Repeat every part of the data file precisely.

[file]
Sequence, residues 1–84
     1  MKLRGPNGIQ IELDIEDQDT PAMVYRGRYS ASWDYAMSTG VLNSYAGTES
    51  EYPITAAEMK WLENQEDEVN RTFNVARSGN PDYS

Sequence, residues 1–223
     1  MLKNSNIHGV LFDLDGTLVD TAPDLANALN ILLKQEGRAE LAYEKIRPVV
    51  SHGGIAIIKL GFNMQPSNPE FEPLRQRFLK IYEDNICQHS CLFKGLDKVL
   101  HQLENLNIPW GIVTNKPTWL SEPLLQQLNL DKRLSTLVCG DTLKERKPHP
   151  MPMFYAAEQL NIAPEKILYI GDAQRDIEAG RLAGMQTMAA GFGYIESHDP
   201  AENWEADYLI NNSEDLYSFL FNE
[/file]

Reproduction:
Sequence, residues 1–84
     1  MKLRGPNGIQ IELDIEDQDT PAMVYRGRYS ASWDYAMSTG VLNSYAGTES
    51  EYPITAAEMK WLENQEDEVN RTFNVARSGN PDYS

Sequence, residues 1–223
     1  MLKNSNIHGV LFDLDGTLVD TAPDLANALN ILLKQEGRAE LAYEKIRPVV
    51  SHGGIAIIKL GFNMQPSNPE FEPLRQRFLK IYEDNICQHS CLFKGLDKVL
   101  HQLENLNIPW GIVTNKPTWL SEPLLQQLNL DKRLSTLVCG DTLKERKPHP
   151  MPMFYAAEQL NIAPEKILYI GDAQRDIEAG RLAGMQTMAA GFGYIESHDP
   201  AENWEADYLI NNSEDLYSFL FNE